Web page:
By the time  we get to v.13 , we see that the Psalmist is quite despondent  : “ All in vain  have I kept my heart clean and washed my hands in innocence” .
So , this is the position in which he finds himself. These are the thought patterns  which  cause this spiritual depression  in Him,  and it is obviously a very great temptation to his soul  - for humanly speaking it  nearly led to his  demise.
Before we  continue to consider  how the Psalmist was delivered from this problem , let us  make ...
A few observations  about the nature  of such  trials  and temptations  which are common to Christians . 

1.      In and of themselves such  perplexities and temptations  are not sinful . It is what we do with them that  determines  whether we will get through this storm. Note that the apostle Paul  who suffered very great  temptations  so very often ,  said in 2 Cor 4 :8   : “We are afflicted in every way , but not crushed ; perplexed , but not driven to despair; persecuted but not forsaken ; struck down but not destroyed …”. Paul was perplexed. He did not understand  what was happening to him , but this fact did not drive him to despair .
2.       Perplexities  and lack of perspective  are dangerous  in that they can  easily lead us  into temptation . This  was  the situation with the Psalmist . We  must remember that  lack of perspective  produces a ‘ blinding effect '. It is like driving into the  sun as it sets on the horizon . You struggle  to see  the  road  ahead .  In the same way there  are  come these perplexing times when  we  are  caught "off balance"  and are not able to think clearly.
3.      All of us must  be very  careful   concerning this and not think that these things cannot happen to us  . We must take  counsel from   1 Cor 10 :12   : “ Therefore  let anyone  who thinks that he stands  take heed  lest he fall”. In this regard it is also important that we should  make  full use of the armour of God ( Eph 6:10-18)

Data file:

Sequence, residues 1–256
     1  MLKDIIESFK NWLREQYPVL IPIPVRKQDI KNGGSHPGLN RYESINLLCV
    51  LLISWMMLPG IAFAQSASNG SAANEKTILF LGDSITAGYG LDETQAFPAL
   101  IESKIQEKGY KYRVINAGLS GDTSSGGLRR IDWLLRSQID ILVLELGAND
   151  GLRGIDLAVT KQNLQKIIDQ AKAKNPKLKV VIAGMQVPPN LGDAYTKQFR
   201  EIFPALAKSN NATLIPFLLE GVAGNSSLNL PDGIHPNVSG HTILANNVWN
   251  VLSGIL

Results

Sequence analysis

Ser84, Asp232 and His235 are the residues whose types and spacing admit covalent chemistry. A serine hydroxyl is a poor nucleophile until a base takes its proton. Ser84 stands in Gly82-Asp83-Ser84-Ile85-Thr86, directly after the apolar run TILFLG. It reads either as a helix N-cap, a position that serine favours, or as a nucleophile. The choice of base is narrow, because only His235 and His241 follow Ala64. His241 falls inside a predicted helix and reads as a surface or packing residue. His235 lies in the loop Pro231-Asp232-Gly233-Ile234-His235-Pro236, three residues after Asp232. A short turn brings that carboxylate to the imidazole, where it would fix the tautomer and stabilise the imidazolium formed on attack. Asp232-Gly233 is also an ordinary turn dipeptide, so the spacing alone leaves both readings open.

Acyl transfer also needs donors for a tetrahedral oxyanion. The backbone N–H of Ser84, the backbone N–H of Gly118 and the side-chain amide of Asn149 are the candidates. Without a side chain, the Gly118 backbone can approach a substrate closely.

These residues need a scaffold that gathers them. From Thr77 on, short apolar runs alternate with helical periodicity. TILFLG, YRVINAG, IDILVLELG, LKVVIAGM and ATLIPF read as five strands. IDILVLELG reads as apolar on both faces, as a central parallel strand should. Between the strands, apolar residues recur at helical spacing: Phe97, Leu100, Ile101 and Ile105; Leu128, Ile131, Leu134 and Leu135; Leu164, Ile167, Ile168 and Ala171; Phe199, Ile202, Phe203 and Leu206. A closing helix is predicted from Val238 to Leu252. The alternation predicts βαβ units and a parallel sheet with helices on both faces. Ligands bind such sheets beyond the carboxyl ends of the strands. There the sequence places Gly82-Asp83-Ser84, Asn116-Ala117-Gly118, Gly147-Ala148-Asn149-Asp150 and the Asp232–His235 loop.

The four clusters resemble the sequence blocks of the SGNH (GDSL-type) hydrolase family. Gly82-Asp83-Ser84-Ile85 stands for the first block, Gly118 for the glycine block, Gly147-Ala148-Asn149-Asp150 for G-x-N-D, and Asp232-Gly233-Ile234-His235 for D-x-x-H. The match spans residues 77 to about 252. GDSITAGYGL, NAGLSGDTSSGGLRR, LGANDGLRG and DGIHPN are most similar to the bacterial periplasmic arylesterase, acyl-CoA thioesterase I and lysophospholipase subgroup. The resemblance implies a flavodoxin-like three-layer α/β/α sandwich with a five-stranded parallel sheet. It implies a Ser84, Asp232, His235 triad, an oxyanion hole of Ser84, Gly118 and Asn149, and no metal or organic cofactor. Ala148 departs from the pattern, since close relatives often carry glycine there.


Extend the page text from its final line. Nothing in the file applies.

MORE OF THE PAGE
The Turning Point : vv  15 ff 

The turning point  begins  in v.15  “ If I had said: I will speak thus  , I would have betrayed the generation  of your children.”   Please note, the problem isn’t solved  yet, but he makes  a very important  turn here .  He is saying , “I don’t understand  what is happening here, but I also know that  my thoughts  have been leading me into very dangerous, blasphemous   paths. I must watch my subjective feelings now,   for  if I carry my thoughts to a logical conclusion , I am going to do damage – I am going to betray  the generation of your children ;  I am going to be a negative  example  to   other believers.”    
Asaph is expressing a very weighty matter here . Since he seems to have been a spiritual leader who is now going through a spiritual crisis, it will be very  important to watch him how he  copes with this crisis.  If he fails, he may  cause much damage  in the process.
So, note that Asaph is beginning to think about the consequences of his thoughts .  
 The slipping  has stopped ! 
He is no longer  in danger  of uttering those blasphemous  thoughts  that were threatening to overflow from his mouth and thus affect those around him.  But still  the  perspective is not  quite  there  yet !  We see this , because in v.16  he confesses: “But when I  thought  how to understand this  , it seemed to me a wearisome task .”  
 Let’s face it – how do you figure  out something as perplexing  as this?  Will you ever  figure out   how  a good God  allows his children to suffer , whilst allowing the wicked to prosper ? 

V. 17 – The turning point  and  the importance of spiritual  thinking
“…until I went  into the sanctuary of God ; then I discerned  their end.“
When Asaph went  to the house of God his perspective changed in an instant. In an instant  he  began  to adopt a spiritual  approach to thinking about life  and its complexities  instead of  a humanistic, rational , “at face value” approach . Everything changed  in a  moment when he saw that.   Spiritual thinking  had now  put everything  into perspective  for Asaph.